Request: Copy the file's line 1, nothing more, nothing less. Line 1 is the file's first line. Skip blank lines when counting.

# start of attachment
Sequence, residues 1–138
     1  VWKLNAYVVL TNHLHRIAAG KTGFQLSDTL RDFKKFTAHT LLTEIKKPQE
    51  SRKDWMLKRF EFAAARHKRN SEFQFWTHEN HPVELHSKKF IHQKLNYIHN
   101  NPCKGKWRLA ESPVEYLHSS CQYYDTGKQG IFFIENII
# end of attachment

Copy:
Sequence, residues 1–138